Now for the first time, geochemical studies have determined the oxygen levels in the world's oceans at the time these sediments accumulated in Avalon. 'Our studies show that the oldest sediments on the Avalon Peninsula, which completely lack animal fossils, were deposited during a time when there was little or no free oxygen in the world's oceans,' says Dr. Narbonne. 'Immediately after this ice age there is evidence for a huge increase in atmospheric oxygen to at least 15 per cent of modern levels, and these sediments also contain evidence of the oldest large animal fossils.'

Continued at "Finding an answer to Darwin's Dilemma"

Based on "Late-Neoproterozoic Deep-Ocean Oxygenation and the Rise of Animal Life"
Don E. Canfield, Simon W. Poulton , Guy M. Narbonne


Animals have an absolute requirement for oxygen, and an increase in late Neoproterozoic oxygen concentrations has been forwarded as a stimulus for their evolution. The iron content of deep-sea sediments show that the deep ocean was anoxic and ferruginous before and during the Gaskiers glaciation 580 million years ago, becoming oxic afterward. The first known members of the Ediacara biota are found shortly after the Gaskiers glaciation, suggesting a causal link between their evolution and this oxygenation event. A prolonged stable oxic environment may have permitted the emergence of bilateral motile animals some 25 million years later.

(The original press release from Queen's University says "PLEASE NOTE: A PDF of the research findings published today in Science Express is available upon request." - A contact email address is given on the Abstract page)

Also see the open access June 2000 PNAS paper "Solution to Darwin's dilemma: Discovery of the missing Precambrian record of life" by J. William Schopf:


In 1859, in On the Origin of Species, Darwin broached what he regarded to be the most vexing problem facing his theory of evolution - the lack of a rich fossil record predating the rise of shelly invertebrates that marks the beginning of the Cambrian Period of geologic time (approx 550 million years ago), an "inexplicable" absence that could be "truly urged as a valid argument" against his all embracing synthesis. For more than 100 years, the "missing Precambrian history of life" stood out as one of the greatest unsolved mysteries in natural science. But in recent decades, understanding of life's history has changed markedly as the documented fossil record has been extended seven-fold to some 3,500 million years ago, an age more than three-quarters that of the planet itself. This long-sought solution to Darwin's dilemma was set in motion by a small vanguard of workers who blazed the trail in the 1950s and 1960s, just as their course was charted by a few pioneering pathfinders of the previous century, a history of bold pronouncements, dashed dreams, search, and final discovery.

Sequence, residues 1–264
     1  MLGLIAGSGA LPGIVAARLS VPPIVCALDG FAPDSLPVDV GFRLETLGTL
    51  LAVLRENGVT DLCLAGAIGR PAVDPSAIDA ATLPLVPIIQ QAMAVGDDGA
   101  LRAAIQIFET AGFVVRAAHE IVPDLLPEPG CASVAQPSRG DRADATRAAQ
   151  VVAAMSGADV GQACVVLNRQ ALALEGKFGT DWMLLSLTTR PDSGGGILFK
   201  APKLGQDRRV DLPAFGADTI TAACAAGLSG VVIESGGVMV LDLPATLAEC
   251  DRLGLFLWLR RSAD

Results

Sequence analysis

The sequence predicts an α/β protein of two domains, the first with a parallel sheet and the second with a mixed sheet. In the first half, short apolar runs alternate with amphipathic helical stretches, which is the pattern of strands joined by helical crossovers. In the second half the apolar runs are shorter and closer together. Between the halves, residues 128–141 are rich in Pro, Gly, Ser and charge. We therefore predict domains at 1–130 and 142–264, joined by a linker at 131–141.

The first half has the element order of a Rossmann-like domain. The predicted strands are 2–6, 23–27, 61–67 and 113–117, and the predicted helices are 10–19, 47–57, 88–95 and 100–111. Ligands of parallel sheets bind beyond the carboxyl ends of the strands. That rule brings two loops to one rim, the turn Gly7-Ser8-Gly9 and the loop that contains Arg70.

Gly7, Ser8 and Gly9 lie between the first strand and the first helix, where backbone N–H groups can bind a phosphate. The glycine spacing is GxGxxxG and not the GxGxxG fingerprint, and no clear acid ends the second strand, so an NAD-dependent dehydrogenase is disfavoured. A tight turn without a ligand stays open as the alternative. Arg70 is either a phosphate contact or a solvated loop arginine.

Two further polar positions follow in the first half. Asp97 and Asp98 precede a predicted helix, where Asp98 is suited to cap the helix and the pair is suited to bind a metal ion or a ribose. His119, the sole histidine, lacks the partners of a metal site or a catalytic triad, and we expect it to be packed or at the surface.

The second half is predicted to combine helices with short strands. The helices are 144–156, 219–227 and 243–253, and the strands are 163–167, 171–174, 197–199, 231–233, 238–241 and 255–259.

And yesterday's post "Geologists Provide New Evidence for Reason Behind Rise of Life in Cambrian Period":

"Geologists have uncovered evidence in the oil fields of Oman that explains how Earth could suddenly have changed 540 million years ago to favor the evolution of the single-celled life forms to the multicellular forms we know today.

Reporting in the December 7 issue of the journal Nature, researchers from MIT, the California Institute of Technology, and Indiana University show that there was a sudden change in the oxygenation of the world's oceans at the time just before the 'Cambrian explosion,'* one of the most significant adaptative radiations in the history of life. With a increased availability of oxygen, the team speculates, single-celled life forms that had dominated the planet for the previous three billion years were able to evolve into the diverse metazoan phyla that still characterize life on Earth..."

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Friday, December 08, 2006


The Future Evolution of Consciousness

Cogprints - The Future Evolution of Consciousness by John Stewart of the "Evolution, Complextity, and Cognition Group"* (ECCO) at the Free University of Brussels:


What potential exists for improvements in the functioning of consciousness? The paper addresses this issue using global workspace theory. According to this model, the prime function of consciousness is to develop novel adaptive responses. Consciousness does this by putting together new combinations of knowledge, skills and other disparate resources that are recruited from throughout the brain. The paper's search for potential improvements in the functioning of consciousness draws on studies of the shift during human development from the use of implicit knowledge to the use of explicit (declarative) knowledge. These studies show that the ability of consciousness to adapt a particular domain improves significantly as the transition to the use of declarative knowledge occurs in that domain. However, this potential for consciousness to enhance adaptability has not yet been realised to any extent in relation to consciousness itself. The paper assesses the potential for adaptability to be improved by the conscious adaptation of key processes that constitute consciousness. A number of sources (including the practices of religious and contemplative traditions) are drawn on to investigate how this potential might be realised.

Continued at "The Future Evolution of Consciousness" (pdf file)

'About ECCO':